In the past 12 months I've had the very great fortune of attending two mega music events. And that's odd for me. You could count all the gigs I've ever been to on my fingers and toes, even if you include the school lunchtime concerts by Aussie acts in the 80s like Kids in the Kitchen, The Machinations, the Dynamic Hepnotics and The Cockroaches (who morphed into a little thing called The Wiggles in the 90s).

They must have been the oddest gigs for those bands. An all-boys school in the middle of the day, lunch bags rustling as a few hundred teens tucked into whatever Mum or Dad had packed that morning.

But I digress…

Monday, April 8, 2013


Even if you don't speak a word of the local language, you can tell when your tour guides are lost. There's something in the way questions are asked and replied, a tilt of the head, perhaps even a barely perceptible shrug of the shoulders and a hopeful gaze off into the distance. You can just tell.

We were only a short drive out of Muscat but it felt like we were riding around on the Curiosity Rover such was the barrenness of our surroundings. This was dry. Really dry, dusty and very rocky. And in spite of it all being pretty much one colour (a sort of chocolatey grey) it was oddly beautiful. 

Friday, March 1, 2013


I've recently had to retire a trusty travel companion of 10 passport.

I love passports and dread to think of a time when the thump of stamp on paper is a thing of the past. That irregular beat of arrival and departure. The audible start of something, or the coming to an end. Welcome, stranger...welcome home.

I find the randomness of where the stamps land a bit delicious...watching the immigration officer thumbing through pages, looking for a space that's good for a thumping. What will it land next to? Which places will it connect? Which times? What's that seeping through from the page behind?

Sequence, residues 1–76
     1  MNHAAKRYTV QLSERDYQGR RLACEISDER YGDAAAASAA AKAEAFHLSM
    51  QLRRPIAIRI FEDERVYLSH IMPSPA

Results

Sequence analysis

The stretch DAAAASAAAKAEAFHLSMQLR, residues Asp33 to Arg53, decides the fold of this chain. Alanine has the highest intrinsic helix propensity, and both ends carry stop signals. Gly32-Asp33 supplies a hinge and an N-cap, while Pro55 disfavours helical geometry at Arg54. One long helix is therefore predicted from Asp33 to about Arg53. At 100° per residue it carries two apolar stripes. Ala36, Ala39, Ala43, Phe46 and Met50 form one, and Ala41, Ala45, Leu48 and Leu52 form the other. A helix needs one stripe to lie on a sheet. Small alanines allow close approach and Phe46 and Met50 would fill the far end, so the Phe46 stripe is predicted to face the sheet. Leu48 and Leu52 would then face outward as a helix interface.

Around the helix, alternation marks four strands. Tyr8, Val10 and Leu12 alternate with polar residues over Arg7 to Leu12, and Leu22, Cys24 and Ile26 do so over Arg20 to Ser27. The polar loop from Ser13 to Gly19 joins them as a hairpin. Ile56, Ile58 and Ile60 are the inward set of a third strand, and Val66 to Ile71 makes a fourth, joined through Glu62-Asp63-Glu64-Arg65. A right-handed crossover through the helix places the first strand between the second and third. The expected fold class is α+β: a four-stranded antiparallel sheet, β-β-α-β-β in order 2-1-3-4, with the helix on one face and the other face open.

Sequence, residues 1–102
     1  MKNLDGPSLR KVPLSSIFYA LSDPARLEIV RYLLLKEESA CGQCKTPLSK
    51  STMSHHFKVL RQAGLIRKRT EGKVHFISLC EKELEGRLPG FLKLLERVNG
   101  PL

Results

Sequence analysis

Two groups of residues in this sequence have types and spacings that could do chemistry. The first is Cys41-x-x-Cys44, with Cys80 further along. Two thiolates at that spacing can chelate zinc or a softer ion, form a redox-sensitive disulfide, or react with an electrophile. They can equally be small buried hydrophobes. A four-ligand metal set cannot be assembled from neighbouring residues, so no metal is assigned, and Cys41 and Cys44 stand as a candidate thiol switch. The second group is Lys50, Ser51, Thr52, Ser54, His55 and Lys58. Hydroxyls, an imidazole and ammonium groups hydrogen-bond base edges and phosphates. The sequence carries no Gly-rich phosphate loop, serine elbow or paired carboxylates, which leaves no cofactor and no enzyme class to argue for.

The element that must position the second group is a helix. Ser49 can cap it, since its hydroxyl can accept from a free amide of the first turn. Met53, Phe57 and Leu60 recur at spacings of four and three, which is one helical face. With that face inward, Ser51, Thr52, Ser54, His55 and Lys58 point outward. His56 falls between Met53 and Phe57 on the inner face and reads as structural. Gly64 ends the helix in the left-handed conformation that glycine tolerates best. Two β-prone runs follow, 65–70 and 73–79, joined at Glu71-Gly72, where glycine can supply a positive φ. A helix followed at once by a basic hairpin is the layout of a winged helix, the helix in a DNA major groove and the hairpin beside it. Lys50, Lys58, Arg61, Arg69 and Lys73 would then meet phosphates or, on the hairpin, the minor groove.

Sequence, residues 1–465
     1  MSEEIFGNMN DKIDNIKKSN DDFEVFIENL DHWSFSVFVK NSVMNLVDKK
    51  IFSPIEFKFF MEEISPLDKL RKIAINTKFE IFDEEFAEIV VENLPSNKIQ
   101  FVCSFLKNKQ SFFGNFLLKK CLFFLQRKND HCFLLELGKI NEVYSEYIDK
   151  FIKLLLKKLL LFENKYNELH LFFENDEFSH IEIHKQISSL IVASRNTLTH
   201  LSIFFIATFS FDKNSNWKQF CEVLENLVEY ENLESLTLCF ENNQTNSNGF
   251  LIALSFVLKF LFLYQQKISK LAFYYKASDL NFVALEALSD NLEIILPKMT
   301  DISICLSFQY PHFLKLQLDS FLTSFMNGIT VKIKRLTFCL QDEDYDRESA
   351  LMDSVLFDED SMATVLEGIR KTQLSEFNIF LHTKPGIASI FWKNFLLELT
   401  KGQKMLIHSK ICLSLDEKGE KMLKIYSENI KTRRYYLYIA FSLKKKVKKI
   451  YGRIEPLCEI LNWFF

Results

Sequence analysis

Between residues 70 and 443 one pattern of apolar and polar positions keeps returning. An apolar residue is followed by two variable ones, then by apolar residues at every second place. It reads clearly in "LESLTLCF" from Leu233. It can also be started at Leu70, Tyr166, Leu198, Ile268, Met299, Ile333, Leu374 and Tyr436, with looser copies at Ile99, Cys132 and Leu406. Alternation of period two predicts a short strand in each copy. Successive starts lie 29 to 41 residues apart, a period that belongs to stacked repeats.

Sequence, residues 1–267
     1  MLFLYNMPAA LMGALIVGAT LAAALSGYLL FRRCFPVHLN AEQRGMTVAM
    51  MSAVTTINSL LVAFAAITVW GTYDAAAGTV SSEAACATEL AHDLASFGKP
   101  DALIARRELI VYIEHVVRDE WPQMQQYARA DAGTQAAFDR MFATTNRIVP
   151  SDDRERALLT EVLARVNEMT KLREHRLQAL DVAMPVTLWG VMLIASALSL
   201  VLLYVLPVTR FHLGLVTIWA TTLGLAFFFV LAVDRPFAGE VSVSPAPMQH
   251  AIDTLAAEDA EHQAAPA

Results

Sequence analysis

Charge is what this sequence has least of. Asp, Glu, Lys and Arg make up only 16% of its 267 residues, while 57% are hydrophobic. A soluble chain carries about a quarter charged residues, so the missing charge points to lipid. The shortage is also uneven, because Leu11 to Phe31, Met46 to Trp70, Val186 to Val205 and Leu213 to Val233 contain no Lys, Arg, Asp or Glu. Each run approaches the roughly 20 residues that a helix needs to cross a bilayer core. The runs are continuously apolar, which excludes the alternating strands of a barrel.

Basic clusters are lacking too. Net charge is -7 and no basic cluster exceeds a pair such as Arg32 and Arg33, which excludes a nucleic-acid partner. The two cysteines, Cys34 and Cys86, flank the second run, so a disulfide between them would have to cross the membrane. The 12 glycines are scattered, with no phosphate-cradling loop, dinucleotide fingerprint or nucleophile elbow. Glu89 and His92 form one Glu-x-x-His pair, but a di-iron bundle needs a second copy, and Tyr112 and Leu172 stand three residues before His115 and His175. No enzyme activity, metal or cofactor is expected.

Friday, February 22, 2013


We've just returned from a long weekend in Canberra kindly hosted by Australian Capital Tourism as part of its intriguing Human Brochure project. And, to be honest, we were blown away. Exploring some of the capital's gems, places with deep national significance, and some that were just plain fun, was an all-round positive, double thumbs-up experience.

It all seemed sort of counter-intuitive. I mean, how were we having such a good time in a place renowned for being irreparably dull with few redeeming features?

Wednesday, February 13, 2013


I can't wait to go to Canberra.

You probably didn't expect that.

It's a bit of a lazy joke in Australia that Canberra is boring. The nation's capital. Home to dullards like Parliament House, the National Gallery, The National Museum, Floriade, Questacon and the Institute of Sport...

All a bit of a yawn, isn't it?

Well, no.

I haven't visited in the 20 years or so since that time. But I know the story of the place with its sacred geometry, the hierarchical placement of our great institutions, the influence of Frank Lloyd Wright on Walter Burley Griffin's grand, almost esoteric vision and his wife Marion's renderings of it give this place a rich framework on which modern Canberra is draped. You don't have to dig too far to find golden veins of storytelling worth mining.